Data is the main driver behind any application, be it a desktop, mobile, or web app. The developer of an application builds it around how users interact with data. Data keeps track of entities and actions within an app.
Having moved into the mobile app development space since late 2019, I had to answer several questions on how I would structure the apps that I develop. This meant having to actually develop apps, to get the answers.
In software development, there is no other way: you learn by doing. It is not enough to just take courses or go through tutorials. You have to get your hands dirty, and build apps for yourself as if you were building them for an actual client.
One of the challenges I faced, was using a common database for a website and a mobile app. This is an important challenge to solve because, if a client has a website, it is likely that they would require a mobile app as well in due course. And I had to be prepared.
Even if a web app and a mobile app are for the same business concept, the implementation is completely different. Despite their similarities in functionality, completely different technologies have to be used for each.
For instance, I would build a web app, which is essentially an advanced website, using the Laravel Framework. Laravel is a fluent framework based on PHP, and it uses a MySQL Database. On the other hand the mobile app would be built using Flutter with Dart language, and uses an SQLite database.
You can see the problem, right? There are actually two issues. The frameworks are different, which means that the web app cannot directly interact with the mobile app, and vice versa. Even if the communication between frameworks was possible, the databases used by either are incompatible.
What is needed is an approach that allows for the web app and mobile app to use a common database. The ideal is to have the web app as the main database platform, and then build an interface to allow the mobile application to access the same data.
A database is a very important element of a web app or a mobile app. It enables persistent storage of data. When you leave a web app or a mobile app, and then later come back to it, your data is still there, thanks to a database.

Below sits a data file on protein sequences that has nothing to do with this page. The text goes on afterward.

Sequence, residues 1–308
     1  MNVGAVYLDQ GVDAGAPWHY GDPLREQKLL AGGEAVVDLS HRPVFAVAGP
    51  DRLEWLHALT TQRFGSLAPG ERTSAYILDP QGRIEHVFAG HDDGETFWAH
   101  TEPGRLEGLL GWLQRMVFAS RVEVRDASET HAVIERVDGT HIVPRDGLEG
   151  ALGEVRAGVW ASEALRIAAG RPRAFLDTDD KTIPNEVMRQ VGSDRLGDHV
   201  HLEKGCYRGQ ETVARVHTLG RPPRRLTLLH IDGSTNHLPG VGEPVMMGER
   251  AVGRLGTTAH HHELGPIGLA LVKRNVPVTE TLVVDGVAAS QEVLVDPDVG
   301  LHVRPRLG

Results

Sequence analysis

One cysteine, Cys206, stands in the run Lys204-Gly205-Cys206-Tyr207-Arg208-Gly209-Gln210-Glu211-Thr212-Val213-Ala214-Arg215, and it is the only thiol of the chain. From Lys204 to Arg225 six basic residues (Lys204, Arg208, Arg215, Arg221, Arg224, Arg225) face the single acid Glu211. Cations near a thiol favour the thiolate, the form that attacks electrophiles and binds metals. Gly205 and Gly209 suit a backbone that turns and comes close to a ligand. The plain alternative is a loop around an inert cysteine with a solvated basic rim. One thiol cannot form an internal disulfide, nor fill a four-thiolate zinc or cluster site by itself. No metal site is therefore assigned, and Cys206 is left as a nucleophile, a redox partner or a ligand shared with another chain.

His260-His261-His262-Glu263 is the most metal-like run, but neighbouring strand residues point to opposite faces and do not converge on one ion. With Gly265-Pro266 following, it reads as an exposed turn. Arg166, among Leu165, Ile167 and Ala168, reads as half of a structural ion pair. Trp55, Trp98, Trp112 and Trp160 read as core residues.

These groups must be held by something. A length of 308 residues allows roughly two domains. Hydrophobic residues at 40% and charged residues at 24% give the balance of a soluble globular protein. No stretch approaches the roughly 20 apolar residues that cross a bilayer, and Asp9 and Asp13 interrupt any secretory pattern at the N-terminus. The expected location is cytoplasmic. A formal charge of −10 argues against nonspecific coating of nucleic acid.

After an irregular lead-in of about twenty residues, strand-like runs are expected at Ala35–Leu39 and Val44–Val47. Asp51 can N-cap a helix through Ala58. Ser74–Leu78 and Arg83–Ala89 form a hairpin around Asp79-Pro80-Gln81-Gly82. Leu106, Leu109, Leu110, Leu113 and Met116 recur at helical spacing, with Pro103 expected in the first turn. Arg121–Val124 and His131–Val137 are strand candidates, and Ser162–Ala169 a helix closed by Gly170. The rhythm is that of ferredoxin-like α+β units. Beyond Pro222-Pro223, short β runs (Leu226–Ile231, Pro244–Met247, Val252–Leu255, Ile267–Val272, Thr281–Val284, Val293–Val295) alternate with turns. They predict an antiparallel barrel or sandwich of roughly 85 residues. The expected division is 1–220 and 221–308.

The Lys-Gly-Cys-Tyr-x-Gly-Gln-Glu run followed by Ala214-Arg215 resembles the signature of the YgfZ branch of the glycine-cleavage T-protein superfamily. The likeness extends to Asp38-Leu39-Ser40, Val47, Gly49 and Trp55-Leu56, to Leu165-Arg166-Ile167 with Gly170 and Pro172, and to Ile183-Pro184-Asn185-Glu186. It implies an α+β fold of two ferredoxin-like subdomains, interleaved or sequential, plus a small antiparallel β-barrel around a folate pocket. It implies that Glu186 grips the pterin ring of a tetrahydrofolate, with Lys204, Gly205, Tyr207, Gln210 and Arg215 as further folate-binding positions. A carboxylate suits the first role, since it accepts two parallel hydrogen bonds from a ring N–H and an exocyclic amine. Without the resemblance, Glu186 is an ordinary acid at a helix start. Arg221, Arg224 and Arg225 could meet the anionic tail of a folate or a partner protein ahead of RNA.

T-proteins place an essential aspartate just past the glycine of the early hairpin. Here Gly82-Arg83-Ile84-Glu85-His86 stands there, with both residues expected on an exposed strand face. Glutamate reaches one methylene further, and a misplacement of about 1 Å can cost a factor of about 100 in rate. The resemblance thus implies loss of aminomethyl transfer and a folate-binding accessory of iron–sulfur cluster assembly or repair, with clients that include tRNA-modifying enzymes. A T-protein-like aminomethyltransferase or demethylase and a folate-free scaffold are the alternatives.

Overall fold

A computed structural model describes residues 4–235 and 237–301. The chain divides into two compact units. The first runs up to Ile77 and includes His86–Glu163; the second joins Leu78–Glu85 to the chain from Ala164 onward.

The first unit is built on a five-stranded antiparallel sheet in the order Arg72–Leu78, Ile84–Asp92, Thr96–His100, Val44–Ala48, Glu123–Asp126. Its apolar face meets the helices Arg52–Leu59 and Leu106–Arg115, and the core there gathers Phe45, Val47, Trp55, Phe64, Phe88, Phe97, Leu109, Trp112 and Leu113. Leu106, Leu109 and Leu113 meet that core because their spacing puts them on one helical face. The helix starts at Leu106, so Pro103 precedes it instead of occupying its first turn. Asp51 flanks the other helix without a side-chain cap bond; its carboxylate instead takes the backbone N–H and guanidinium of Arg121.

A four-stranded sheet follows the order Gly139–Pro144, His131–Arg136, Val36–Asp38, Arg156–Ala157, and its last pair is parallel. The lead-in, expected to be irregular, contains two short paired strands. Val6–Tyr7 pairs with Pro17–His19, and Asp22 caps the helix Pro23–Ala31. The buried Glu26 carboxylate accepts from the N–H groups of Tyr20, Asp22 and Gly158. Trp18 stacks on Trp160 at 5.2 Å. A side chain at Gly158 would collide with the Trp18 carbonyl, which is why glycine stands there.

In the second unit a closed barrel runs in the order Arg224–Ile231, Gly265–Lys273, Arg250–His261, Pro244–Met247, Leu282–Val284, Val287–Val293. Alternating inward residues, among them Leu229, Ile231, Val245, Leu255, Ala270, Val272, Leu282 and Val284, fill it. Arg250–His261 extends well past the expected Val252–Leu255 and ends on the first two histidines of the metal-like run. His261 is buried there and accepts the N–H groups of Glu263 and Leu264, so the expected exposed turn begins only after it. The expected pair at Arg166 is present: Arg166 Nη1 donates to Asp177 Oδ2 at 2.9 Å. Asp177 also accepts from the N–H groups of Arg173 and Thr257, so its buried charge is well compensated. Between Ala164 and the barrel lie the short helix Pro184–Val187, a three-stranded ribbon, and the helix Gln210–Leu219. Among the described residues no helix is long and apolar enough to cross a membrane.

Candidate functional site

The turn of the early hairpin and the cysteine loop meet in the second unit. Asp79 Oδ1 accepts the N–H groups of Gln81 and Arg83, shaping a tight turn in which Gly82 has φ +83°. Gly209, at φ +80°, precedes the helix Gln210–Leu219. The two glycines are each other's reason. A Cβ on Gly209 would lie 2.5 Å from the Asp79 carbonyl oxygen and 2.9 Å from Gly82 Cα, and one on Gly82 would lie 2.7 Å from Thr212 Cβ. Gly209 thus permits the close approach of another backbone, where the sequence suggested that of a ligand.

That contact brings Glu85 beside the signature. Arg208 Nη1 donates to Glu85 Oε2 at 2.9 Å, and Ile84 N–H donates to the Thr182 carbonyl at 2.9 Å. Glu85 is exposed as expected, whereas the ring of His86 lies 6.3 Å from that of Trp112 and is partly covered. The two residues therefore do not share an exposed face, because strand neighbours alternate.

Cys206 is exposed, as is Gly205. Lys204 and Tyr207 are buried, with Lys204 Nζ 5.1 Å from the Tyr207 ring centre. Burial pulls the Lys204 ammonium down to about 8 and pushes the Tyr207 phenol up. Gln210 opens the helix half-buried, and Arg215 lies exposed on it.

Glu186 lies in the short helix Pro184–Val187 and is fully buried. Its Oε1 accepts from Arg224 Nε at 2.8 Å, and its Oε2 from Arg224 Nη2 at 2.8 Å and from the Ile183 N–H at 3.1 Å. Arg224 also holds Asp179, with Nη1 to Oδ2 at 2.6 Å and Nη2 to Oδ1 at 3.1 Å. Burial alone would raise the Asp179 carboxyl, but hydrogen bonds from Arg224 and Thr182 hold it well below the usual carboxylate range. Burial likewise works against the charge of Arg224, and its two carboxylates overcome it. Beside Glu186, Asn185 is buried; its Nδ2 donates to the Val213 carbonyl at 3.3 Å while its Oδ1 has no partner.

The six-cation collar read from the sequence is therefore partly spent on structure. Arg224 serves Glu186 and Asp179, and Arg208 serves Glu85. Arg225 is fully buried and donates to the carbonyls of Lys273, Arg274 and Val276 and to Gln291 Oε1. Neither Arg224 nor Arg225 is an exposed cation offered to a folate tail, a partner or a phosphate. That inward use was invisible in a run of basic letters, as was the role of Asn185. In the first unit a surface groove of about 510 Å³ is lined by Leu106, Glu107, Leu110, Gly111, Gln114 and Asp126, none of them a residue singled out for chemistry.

Having a separate database for a web app and another for the mobile app would mean that, if you interact with one and then move to the other, you would lose your data across the different platforms, and have to start all over again when you switch over. This is far from ideal.
A database is also essential for storing user data. If there is no common database, it means that users who register on the website or web app, will find themselves not registered on the mobile app, and also vice versa.
The best solution to using common data for a website or web app and mobile app, is the implementation of a RESTful API. REST stands for REpresentational State Transfer. It is a way of creating web services. API Stands for Application Programming Interface.
When creating a REST API, guidelines on how data should be accessed and manipulated on the server are established. These guidelines specify the structure of the commands to execute when requesting and manipulating specific data.
What this means is that data obtained from a MySQL database server, for example, which exists as tables of data, can be transferred as a JSON formatted text string, to the mobile app. The mobile app achieves this by processing the JSON received from the REST response.
This elegantly overcomes the challenge of having two different databases for the web app and the mobile app. Hence the web app can maintain its database, which the mobile app will access and share.
The mobile app can also optionally store data in its own database, for cases where the mobile device is not online, and sync it with the remote database when back online. It should be noted however, that this feature is very complex to implement.
Of course, the RESTful API Also provides a mechanism for the mobile app to write data to the web app database. With that, common data is shared and maintained between the web app and the mobile app.
Want to hear some more from the Webmobyle Blog? Please